There is no cure for Hurler syndrome. This rare genetic disorder can result in children dying before they turn 10. It's therefore the greatest cause for celebration that, in August 2021, Kylie Victor celebrates her 13th birthday - and 7 years of successfully managing this syndrome.
- Thanks to photographer Carlett Badenhorst for all photographs featured in this article.
Kylie Victor was born on 14 August 2008. In the months that followed, her mom Karen gradually started to notice irregularities in her face, neck, and hearing and later, also in her spine.
"Other than these troubling signs, the first year was beautiful," says Karen, a Gauteng-based 48-year-old behaviour transformation specialist. "Kylie developed normally and she was such an easy and loving baby. She smiled all the time and never had any problems."
A week before Kylie's first birthday, Karen took her for an X-ray to find out why she had a bloated tummy and a pronounced hunch. "The GP looked at the X-ray and I could see dread in his eyes. He made an immediate appointment for us with a neurosurgeon. That was when I became really worried," says Karen.
From there, in a single day Kylie saw a neurosurgeon, a radiologist and a paediatrician. At the end of the day, the paediatrician delivered the news that Kylie had Hurler syndrome.
"That night, I told my husband the news and he cried bitterly. I had no tears, nothing! I suppose it was shock and perhaps denial, feeling like I'd wake up from a bad dream at any moment," recalls Karen.
What is Hurler syndrome?
Hurler syndrome or mucopolysaccharidosis type I is a rare genetic disorder that affects fewer than one in 100 000 children.
"Somewhere in her genes there's a mistake. And, the result of this genetic error means that Kylie's body can't make an enzyme that is needed to break down certain food molecules. As a result, these molecules drift around in her blood and settle in soft body tissues like organs and joints. After a while this causes damage," Karen explains.
There is no cure for Hurler syndrome. The progressive disease starts almost undetectably at first and, in time, the symptoms worsen. If left untreated, children with Hurler syndrome could die before age 10.
It's therefore the greatest cause for celebration that, in August this year, Kylie celebrates her 13th birthday. "We never thought we would have another teenager in the house. It's a huge achievement for Kylie to enter her teenage years, says Karen - keeping in mind that Kylie started enzyme replacement therapy when she was five years old.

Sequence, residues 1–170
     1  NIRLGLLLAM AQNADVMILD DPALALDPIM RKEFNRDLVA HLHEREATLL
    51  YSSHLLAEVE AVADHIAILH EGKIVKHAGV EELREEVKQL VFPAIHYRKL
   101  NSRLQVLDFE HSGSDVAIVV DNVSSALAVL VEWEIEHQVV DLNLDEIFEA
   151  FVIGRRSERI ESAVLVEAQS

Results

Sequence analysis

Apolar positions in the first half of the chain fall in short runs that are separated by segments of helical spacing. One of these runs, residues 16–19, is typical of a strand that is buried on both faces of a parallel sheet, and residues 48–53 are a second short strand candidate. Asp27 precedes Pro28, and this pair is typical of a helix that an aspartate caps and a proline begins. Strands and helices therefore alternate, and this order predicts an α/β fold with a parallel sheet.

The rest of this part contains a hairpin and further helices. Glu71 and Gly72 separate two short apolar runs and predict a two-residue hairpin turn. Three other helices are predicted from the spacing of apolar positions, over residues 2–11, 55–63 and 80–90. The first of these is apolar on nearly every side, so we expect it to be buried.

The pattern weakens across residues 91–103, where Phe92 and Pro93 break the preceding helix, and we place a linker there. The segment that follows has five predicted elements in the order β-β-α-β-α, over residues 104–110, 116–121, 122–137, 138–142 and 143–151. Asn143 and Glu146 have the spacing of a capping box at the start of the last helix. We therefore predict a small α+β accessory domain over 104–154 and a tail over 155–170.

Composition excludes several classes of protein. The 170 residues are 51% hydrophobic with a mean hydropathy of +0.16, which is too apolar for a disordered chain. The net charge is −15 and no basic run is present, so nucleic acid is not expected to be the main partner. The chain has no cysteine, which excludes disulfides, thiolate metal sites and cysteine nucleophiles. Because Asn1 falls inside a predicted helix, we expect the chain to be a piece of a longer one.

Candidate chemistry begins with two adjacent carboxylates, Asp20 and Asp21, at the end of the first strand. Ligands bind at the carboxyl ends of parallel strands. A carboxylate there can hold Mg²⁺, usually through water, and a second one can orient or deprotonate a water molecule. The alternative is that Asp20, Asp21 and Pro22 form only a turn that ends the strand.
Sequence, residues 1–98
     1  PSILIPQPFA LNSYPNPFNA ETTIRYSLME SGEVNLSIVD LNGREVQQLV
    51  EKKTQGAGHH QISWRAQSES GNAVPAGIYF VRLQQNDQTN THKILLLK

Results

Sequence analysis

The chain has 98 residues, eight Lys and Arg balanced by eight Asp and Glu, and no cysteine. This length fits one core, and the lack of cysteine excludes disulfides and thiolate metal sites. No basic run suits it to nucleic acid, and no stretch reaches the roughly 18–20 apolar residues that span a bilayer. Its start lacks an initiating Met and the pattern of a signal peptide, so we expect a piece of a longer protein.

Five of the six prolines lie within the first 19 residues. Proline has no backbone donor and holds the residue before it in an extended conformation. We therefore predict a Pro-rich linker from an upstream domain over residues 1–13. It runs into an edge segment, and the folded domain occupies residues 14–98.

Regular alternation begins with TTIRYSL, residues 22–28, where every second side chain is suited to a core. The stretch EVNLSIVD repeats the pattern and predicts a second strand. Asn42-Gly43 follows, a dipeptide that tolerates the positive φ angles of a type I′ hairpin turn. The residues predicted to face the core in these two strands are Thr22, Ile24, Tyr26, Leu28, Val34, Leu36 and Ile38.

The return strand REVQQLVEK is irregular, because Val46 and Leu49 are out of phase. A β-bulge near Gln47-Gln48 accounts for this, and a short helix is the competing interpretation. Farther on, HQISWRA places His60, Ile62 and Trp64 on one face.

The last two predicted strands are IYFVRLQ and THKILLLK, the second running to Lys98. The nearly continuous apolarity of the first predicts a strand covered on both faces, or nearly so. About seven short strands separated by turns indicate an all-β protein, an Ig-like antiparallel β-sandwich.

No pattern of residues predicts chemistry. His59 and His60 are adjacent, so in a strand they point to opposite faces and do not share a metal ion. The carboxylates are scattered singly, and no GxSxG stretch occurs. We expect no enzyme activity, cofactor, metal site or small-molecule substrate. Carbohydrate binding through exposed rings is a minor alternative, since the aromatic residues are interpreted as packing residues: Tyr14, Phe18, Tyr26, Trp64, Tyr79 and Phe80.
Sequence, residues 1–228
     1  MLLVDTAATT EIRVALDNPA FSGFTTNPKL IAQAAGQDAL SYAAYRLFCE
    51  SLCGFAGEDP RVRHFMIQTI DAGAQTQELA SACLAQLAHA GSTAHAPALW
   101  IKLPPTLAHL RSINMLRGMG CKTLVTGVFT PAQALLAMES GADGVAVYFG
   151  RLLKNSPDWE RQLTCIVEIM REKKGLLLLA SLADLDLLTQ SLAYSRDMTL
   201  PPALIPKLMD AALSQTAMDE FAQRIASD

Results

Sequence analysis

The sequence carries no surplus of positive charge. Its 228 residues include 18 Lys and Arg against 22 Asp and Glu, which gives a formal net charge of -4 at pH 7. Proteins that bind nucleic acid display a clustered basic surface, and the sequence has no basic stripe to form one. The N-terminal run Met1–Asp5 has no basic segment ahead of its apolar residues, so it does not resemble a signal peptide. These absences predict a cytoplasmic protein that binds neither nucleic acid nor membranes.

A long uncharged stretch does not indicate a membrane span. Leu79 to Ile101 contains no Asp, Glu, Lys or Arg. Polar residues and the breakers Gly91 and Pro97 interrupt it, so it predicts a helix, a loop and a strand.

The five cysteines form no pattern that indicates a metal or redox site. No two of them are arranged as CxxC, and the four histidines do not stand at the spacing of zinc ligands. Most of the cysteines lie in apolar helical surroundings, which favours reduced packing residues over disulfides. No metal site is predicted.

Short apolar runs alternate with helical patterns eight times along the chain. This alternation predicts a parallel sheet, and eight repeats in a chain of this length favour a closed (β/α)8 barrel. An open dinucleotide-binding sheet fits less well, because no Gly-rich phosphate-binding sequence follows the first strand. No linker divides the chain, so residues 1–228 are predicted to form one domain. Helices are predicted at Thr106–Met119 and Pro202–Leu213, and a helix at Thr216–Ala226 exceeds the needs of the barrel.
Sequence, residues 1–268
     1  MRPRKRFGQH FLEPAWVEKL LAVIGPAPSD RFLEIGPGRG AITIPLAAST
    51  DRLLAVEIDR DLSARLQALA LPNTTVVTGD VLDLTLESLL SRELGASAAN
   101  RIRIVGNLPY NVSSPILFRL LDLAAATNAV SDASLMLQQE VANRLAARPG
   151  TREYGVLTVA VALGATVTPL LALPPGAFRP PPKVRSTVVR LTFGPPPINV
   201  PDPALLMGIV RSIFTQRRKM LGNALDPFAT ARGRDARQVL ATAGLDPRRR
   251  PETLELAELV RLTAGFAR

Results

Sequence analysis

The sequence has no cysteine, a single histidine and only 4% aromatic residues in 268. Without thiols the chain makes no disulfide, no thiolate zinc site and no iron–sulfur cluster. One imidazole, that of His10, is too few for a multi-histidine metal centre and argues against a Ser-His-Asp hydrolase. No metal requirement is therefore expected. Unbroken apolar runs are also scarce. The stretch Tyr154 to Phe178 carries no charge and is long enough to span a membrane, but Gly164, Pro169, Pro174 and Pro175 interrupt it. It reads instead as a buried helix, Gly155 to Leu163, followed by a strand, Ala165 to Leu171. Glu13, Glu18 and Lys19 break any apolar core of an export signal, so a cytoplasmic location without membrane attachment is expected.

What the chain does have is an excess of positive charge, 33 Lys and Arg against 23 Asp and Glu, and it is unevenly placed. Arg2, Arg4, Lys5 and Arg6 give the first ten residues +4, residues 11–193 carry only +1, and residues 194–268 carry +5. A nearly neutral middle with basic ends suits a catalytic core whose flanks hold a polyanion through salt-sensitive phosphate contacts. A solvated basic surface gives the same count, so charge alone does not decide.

"Kylie was very, very sick after her fifth birthday"
When Kylie turned 18 months old, the Victors started seeing genetic counsellors about enzyme and bone marrow transplants. "We found the cost astronomical and the odds of a successful transplant were limited, with a probable death rate of 40%. The odds were so stacked against us that we decide to continue as we had been, until Kylie was about five years old," says Karen.
"Kylie was very sick after her fifth birthday. So sick, that I could see her dying at any time," Karen recalls. That's when ear, nose and throat specialist Dr Duane Mol came into the picture. Determined to help, he attended a session on enzyme therapy for children with Hurler syndrome at a medical conference. He put the family in touch with Eldridge Makamu from pharmaceutical company Genzyme, the company that manufactures Aldurazyme. Eldridge in turn introduced them to Kelly du Plessis from local NGO Rare Diseases South Africa. "They encouraged us to apply to Discovery Health Medical Scheme for funding for enzyme replacement therapy for Kylie," says Karen. More on DHMS membership here.
Enzyme replacement therapy gives Kylie new life
The treatment was approved, and today, the Victors manage Kylie's condition with a laboratory engineered enzyme named Aldurazyme, one of the most expensive types of medicine in the world according to Forbes.
"Sadly, Aldurazyme is unaffordable for at least 99% of families. If one's medical scheme or the government doesn't help, these children live a short life and die a horrible death," Karen says. "That's the reason why we are so extremely grateful for our Discovery Health Medical Scheme cover. Our lovely child was close to death, then she got her enzyme therapy, and now she is a happy and healthy child. Yes, she has difficulties, but her life is worth living."
Kylie had her first enzyme therapy infusion on a Saturday seven years ago in the Netcare Sunninghill Hospital ICU. Karen recalls: "She slept through it all. She was discharged late on the Sunday, still sleeping. When she woke up on Monday, she was a different child. She had more energy than she'd had in years. It wore off after three days, but the same thing happened with the next infusion. By the third session, her energy did not wane after treatment. We went on a short holiday after her third infusion and where, before this session she couldn't tolerate a 20 metre walk, we were delighted to see her walking 500 metres with ease!"
"Kylie rules our household" - Karen Victor, Kylie's mom
Today, the 12-year-old is going strong. "Kylie is a little brat!," jokes her proud mom. "She rules our household. We call her the boss of the house and everyone, including her older brother and sister, jumps when she speaks. She ties us together with a unique bond. Our world revolves around her. She knows she is special and deeply loved. She laughs a lot. She is funny and very social."
"Thanks to our Discovery Health Medical Scheme funding Kylie's Aldurazyme, she is a healthy and happy child. She sleeps well, she has energy to play and run, she eats well and while she is intellectually challenged, I believe she is making progress. She loves going to school. She's doing horse riding as a therapy and loves this. We hear the words 'perdjie ry' (ride horsey) from morning to night," adds Karen.
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